Wednesday, March 26, 2014

Islander and India

Last time I wrote, I was preparing to visit the Islander Center, which turned out to be an excellent trip. I went there expecting to focus on environmental conservation projects and the impact of the center on the landscape, but the highlight of my time there was learning about the center's residential leadership program for rural Sri Lankan youth. Youth from all parts of the country come together for three months to learn organic farming, business management, nonviolent communication, and other leadership skills while designing projects to address livelihood issues in their home communities. Every morning and evening, I worked in the garden with the students, and I participated in their nightly program of sharing songs, stories, dances, and games with each other. Occasionally, I would join them during their free time to play volleyball or cricket, two sports that they all have considerably more experience with than I do. Although conversations were hard, especially with those who come from Tamil-speaking parts of the country, I loved spending time with and getting to know these people, and I, as a foreigner, was incredibly popular among them.

Watering the garden
Carrying tools back after gardening
More recently, I just returned from a short trip to South India. Last week, was the Fulbright mid-year review conference for South and Central Asia in Chennai. It was really fun to meet Fulbrighters from other countries and hear about what they’ve been working on. I even enjoyed giving a short presentation on what I’ve done so far. After the conference, a few of us headed down the coast to spend several days in Pondicherry, an old French colonial town, where we explored the city, saw some South Indian beaches, and celebrated Holi, the Hindu festival of colors, during which people throw and smear paint on each other. We also visited the ancient city of Mahabalipuram with its rock carvings and temples.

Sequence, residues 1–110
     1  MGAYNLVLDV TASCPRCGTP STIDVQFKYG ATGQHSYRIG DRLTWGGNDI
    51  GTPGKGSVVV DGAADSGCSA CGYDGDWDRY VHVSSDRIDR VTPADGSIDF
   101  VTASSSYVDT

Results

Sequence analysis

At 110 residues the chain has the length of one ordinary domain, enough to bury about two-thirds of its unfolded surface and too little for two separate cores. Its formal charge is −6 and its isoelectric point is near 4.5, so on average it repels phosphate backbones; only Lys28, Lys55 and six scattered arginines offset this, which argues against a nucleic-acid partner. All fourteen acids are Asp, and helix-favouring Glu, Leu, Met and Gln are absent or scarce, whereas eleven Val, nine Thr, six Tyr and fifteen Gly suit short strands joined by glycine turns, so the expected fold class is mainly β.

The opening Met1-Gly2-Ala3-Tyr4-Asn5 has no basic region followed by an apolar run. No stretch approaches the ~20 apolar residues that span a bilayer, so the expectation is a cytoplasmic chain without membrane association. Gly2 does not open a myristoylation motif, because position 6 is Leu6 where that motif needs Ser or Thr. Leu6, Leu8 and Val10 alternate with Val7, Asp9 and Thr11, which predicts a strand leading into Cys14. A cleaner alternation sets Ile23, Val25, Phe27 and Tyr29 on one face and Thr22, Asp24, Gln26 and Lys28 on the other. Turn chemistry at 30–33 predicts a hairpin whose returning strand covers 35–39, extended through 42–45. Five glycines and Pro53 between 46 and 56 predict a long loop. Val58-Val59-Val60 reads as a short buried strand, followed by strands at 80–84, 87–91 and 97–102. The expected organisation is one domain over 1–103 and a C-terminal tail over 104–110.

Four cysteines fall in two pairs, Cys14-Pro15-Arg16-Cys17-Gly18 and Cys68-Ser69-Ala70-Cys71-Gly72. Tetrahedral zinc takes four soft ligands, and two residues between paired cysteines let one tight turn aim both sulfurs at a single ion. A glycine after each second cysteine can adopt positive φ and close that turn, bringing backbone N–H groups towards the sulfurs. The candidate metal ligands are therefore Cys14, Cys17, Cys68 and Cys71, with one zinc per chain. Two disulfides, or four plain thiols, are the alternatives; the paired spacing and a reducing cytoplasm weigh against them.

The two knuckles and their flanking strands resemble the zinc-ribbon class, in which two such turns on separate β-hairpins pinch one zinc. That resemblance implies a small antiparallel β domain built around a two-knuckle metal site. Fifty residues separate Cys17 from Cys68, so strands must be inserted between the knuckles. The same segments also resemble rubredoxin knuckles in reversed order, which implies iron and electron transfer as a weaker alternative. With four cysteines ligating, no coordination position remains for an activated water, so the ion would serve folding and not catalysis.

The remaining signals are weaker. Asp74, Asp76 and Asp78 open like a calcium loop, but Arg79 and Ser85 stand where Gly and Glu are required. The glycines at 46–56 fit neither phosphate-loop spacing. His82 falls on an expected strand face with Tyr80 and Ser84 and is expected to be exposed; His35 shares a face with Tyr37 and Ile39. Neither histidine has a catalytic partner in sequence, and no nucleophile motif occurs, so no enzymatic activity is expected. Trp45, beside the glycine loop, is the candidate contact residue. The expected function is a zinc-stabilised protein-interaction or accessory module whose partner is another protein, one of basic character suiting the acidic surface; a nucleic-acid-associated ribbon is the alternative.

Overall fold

Holi in Pondicherry
Sarah and me at Mahabalipuram

I’m back in Kandy now, and it feels good to be home. I’m spending the next few weeks writing up what I’ve done so far and making plans for the next stages of my research.

Thursday, February 13, 2014

Farm Visits

Monsoon season is over, which means I was able to return to the Sinharaja Rainforest to try to do some more research. Of course, even when it’s not monsoon season, the Sinharaja is still a rainforest and precipitation is not uncommon, but the afternoon showers (downpours) were refreshing and cooled everything down quite nicely. (You may notice that I seem to mention the weather fairly often in this blog, which I think is because I’m starting to miss winter. I realize that it’s been unusually cold at home and that many of you who are reading this probably wish you were living on a tropical island, but as someone who has always lived in New England, I appreciate winter and to not have any snow or ice this year is weird and a little bit sad. It’s a struggle to even keep ice in our freezer because we lose power every so often and end up with puddles in the refrigerator.)

During my nine days in the Sinharaja region, I split my time between Nilmini Estates in Morawaka and small tea and mixed crop gardens in Deniyaya, a town close to one of the official entrances to the protected rainforest. I visited many farms, spoke to farmers and villagers, and spent a day hiking in the jungle. I learned about organic tea production, about the work being done to convert smallholder tea fields to organic, and about the flora and fauna of Sinharaja. I also learned that traveling by myself can be very lonely but also rewarding. I enjoyed spending time and staying with people in these rural villages, even if I sometimes felt isolated and a bit out of place. I was also very glad that I had spent some of my time over these past few months improving my Sinhala.

Madushani and Nadeeka, two of the office workers at Nilmini
who spent a lot of time showing me around the estate
Heading back to work in the Nilmini
factory after taking a tea break

A waterfall in the Sinharaja

These fish, endemic to Sinharaja, are known for "massaging" (i.e. nibbling on) people's feet. It's a very strange sensation to have 10-15 fish tickling each foot as you stand in the stream.

My forest department guide, who led me around the
rainforest, showing me a snake (apparently not poisonous).
I’ve also been getting involved with a new organic certification program organized by the Good Market, the large farmers’ market in Colombo. It’s called a participatory guarantee system (PGS), and the idea is that volunteers visit farms around the country and evaluate their practices to determine if they are actually growing food organically. It does not give farmers international certification, but it provides consumers with some reassurance that their produce is organic and eliminates many of the costs farmers have to pay to get export level certification. So far, I’ve been on two trips, one to organic tea farms near Deniyaya and one to small home gardens in the Anuradhapura District in the dry zone. Although I don’t have a lot of experience with this type of work and wasn’t able to contribute very much, I’ve loved seeing the farms and learning from the more experienced evaluators.